Pediatric Nurse Practitioner Certification
By Bonnie Walker, allied health world contributing writer
How does one become a certified pediatric nurse or certified pediatric nurse practitioner?
Becoming a pediatric nurse
requires first becoming licensed as a registered nurse under the regulations promulgated by the nursing board in the state in which you plan to practice, and then pursuing certification. Pediatric nurse practitioners must also meet their state's requirements for licensure as an advanced practice nurses. After licensure, you will need to meet the requirements for certification that are set forth by your state. Generally, these requirements include successfully completing the certification process offered by a national credentialing agency.
The most prominent national credentialing agency in the field of pediatric nursing is the Pediatric Nursing Certification Board (PNCB). The PNCB administers certification examinations that have been approved by a number of professional pediatric nursing bodies, including the American Academy of Pediatrics, the National Association of Pediatric Nurse Practitioners, the Association of Faculties of Pediatric Nurse Practitioner Programs, and the Society of Pediatric Nurses.
What is the Certified Pediatric Emergency Nurse certification exam?
Those who intend to pursue a career as general pediatric nurses may take the Certified Pediatric Nurse exam offered by the PCNB. The Certified Pediatric Nurse examination is designed for nurses with extensive experience treating pediatric patients and with
knowledge of the field beyond that of a typical registered nurse. However, those who aspire to work in acute care settings, such as emergency rooms and intensive care units, may also take the Certified Pediatric Emergency Nurse certification examination which was developed in collaboration with the Board of Certification for Emergency Nursing.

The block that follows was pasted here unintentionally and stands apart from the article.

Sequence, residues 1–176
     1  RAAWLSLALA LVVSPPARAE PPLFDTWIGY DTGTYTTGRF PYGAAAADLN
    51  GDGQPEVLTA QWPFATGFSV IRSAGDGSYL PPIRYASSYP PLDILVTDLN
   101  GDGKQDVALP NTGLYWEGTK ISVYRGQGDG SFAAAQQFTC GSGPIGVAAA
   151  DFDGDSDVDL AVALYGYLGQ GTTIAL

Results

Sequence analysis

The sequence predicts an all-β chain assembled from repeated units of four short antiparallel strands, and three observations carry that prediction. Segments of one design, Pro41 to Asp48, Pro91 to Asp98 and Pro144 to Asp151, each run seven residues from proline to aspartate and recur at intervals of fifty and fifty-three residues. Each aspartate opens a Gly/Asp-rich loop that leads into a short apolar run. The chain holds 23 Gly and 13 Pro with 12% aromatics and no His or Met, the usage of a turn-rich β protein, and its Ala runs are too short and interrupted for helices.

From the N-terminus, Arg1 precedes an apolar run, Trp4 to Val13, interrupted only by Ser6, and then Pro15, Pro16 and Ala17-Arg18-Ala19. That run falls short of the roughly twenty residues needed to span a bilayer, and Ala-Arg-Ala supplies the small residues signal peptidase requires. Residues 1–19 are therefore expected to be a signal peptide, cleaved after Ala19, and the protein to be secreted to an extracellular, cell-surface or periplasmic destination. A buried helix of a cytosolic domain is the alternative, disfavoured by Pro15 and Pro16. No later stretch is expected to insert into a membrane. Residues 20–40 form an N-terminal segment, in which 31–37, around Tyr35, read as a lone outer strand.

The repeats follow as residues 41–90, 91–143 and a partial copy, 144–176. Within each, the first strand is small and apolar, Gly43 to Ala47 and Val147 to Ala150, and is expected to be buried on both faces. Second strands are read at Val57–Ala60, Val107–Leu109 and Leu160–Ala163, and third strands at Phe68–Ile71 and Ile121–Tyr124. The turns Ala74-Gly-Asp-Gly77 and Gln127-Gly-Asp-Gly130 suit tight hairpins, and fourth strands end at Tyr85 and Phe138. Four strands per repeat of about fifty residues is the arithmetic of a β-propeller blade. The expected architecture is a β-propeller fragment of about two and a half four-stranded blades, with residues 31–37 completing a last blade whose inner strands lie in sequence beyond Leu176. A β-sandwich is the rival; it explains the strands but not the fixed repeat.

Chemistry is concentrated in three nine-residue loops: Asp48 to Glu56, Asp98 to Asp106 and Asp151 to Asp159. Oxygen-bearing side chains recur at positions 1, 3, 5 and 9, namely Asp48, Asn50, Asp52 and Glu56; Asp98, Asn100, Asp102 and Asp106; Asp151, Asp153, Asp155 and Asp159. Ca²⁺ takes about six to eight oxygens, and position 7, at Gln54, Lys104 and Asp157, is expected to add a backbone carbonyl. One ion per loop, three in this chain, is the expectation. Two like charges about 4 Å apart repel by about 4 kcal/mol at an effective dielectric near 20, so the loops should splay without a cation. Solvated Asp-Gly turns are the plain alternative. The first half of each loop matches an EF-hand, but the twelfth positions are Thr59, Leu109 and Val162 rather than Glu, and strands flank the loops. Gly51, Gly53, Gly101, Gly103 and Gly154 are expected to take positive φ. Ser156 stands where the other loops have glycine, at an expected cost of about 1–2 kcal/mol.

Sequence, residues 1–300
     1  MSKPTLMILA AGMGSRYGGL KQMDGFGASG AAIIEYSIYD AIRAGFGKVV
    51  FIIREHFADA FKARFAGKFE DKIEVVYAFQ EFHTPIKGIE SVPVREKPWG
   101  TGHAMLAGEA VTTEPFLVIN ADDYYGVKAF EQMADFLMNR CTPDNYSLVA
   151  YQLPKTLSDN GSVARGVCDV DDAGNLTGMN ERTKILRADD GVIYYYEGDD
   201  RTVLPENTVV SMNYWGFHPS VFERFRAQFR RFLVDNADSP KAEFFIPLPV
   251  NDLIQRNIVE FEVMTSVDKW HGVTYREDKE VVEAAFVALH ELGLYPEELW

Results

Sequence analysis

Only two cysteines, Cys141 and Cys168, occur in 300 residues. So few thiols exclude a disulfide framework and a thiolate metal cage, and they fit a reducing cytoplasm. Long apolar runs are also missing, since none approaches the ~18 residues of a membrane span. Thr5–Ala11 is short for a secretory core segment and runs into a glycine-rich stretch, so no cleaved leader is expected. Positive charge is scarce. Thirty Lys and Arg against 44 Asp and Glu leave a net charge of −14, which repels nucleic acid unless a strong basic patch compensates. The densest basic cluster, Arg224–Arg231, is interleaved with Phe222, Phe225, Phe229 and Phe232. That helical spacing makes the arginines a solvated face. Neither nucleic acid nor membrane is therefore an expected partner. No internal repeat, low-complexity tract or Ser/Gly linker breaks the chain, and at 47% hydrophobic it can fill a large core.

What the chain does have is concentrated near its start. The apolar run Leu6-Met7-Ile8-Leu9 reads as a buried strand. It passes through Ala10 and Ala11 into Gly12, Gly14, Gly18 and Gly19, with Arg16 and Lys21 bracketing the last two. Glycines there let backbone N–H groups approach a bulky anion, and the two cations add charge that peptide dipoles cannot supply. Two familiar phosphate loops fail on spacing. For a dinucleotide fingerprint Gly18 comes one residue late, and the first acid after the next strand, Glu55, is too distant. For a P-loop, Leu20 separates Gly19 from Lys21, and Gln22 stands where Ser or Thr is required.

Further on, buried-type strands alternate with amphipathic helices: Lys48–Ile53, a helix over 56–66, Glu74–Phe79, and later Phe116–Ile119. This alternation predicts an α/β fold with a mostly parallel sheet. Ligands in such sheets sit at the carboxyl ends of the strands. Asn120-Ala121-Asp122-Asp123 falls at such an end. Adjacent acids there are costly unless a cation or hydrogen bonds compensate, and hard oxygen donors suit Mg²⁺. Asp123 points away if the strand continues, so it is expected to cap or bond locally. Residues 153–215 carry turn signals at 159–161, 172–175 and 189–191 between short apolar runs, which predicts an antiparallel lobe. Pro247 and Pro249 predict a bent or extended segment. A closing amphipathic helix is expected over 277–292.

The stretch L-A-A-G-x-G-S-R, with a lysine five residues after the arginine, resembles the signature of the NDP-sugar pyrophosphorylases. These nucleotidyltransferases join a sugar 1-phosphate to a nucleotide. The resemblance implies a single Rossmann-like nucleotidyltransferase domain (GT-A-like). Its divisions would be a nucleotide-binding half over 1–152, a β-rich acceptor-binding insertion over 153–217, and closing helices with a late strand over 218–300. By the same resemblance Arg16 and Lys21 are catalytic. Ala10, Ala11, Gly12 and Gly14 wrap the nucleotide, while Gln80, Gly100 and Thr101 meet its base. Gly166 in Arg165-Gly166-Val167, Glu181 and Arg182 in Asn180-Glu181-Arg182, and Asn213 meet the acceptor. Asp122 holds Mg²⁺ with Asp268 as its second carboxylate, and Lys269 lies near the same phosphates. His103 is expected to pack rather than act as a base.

What other specialized certification options exist for pediatric NPs?
Graduates of pediatric nurse practitioner programs have the choice of taking examinations to become certified as either primary care providers or acute/emergency care pediatric nurse practitioners, depending on the content of the curriculum they pursued during their studies. In addition, beginning in 2011, the PCNB will also administer the Child and Adolescent Behavioral & Mental Health Specialty Certification Exam. This certification examination is designed especially for pediatric nurse practitioners who hope to work in psychiatric settings or with specific patient populations, such as developmentally challenged or disabled children, or even mentally ill or suicidal adolescents.
What is Pediatric Advanced Life Support (PALS)?
In addition to these general certifications, it is advisable for pediatric nurses and pediatric nurse practitioners to become certified in Pediatric Advanced Life Support (PALS) through the American Heart Association. Other available certifications include training in Basic Trauma Life Support and Pediatric Basic Trauma Life Support. Special certification courses that can be of particular value to pediatric nurses and pediatric nurse practitioners who work in acute care settings include the Emergency Nurse Pediatric Course offered by the Emergency Nurses Association. Employers will often pay for this additional professional training.
What are the benefits of certification for pediatric nurses?
Pediatric nurse certification and pediatric NP certification provide many career benefits. Those who can demonstrate that they have been certified by a respected national credentialing organization tend to make more money than those who are not yet certified. They are more likely to be considered for open positions and get interviews for either the pediatric nurse or pediatric nurse practitioner jobs
they are most interested in pursuing. Therefore, certified pediatric nurses and pediatric nurse practitioners enjoy enhanced career mobility in terms of the ability to move from job to job and to move up through the ranks into positions that demand more responsibility and provide more challenge and reward.
Pediatric Nurse Schools
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